Moscow accepted Azerbaijan's apology, as Baku "instantly" admitted the mistake and promised to investigate the circumstances that led to the death of two Russian military men, the head of the Kremlin press service Dmitry Peskov said in an interview with RT.
The quick reaction from Azerbaijani President Ilham Aliyev, his willingness to conduct an impartial investigation and punish those responsible for the shootdown of the Russian Mi-24 helicopter over the territory of Armenia allowed Moscow to accept an apology for the tragic incident, Putin's official spokesman Dmitry Peskov said in the interview.
According to Peskov, the death of the Russian military who served at the Russian army base in Armenia came as a real tragedy.
"The instant reaction from the Azerbaijanis, the instant reaction from the President of Azerbaijan and Azerbaijan's readiness to conduct an impartial investigation into the circumstances and punish the guilty made it possible to accept those apologies," Peskov said.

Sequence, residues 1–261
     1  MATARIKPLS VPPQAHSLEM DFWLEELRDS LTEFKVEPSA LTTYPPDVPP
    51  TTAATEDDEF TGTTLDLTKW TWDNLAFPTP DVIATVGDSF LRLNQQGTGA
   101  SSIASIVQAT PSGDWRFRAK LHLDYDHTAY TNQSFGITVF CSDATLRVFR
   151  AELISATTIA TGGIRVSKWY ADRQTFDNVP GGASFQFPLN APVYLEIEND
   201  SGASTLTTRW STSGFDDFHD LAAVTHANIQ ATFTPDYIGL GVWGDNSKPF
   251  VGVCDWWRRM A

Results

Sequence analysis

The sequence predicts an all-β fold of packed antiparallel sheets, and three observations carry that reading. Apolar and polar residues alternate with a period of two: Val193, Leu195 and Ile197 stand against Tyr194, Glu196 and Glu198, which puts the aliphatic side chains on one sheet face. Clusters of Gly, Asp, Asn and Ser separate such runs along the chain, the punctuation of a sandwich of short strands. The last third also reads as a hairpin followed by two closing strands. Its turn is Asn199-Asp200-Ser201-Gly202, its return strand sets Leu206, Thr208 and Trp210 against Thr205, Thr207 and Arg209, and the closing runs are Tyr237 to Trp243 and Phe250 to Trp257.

The military of Azerbaijan shot down a Russian Mi-24 helicopter with a MANPAD missile over the territory of Armenia on the evening of November 9; two crew members were killed, one survived. Representatives of the Russian Defense Ministry said that the helicopter was escorting a convoy of the Russian military base stationed in Gyumri, Armenia.
After the incident, Baku said that the helicopter was shot down by mistake, as it was flying in the immediate vicinity of the Armenian-Azerbaijani border, where Russian Aerospace Forces had not been noticed before. In addition, the helicopter was flying at night. Azerbaijan apologized to Moscow, promised to investigate the incident, punish those responsible and pay compensation to the families of the killed Russian military men.
In an interview with RBC, Azerbaijani Ambassador to Russia Polad Bulbul-ogly said that it was a "a tragic accident," and also pointed out that "anything can happen in war."
Representatives of the Russian Foreign Ministry described the words from the ambassador as "a big mistake." "If Russia followed the principle "anything can happen in," then the response would be disastrous," the Foreign Ministry said in a statement.
Deputy Chief of Staff of Azeri President Ilham Aliyev, Hikmet Hajiyev, criticized the above-mentioned statement from the Ambassador and described it as "inappropriate."
The troops of the Southern and Western military districts will begin to return from Russia's southern borders to the points of their permanent deployment starting April 23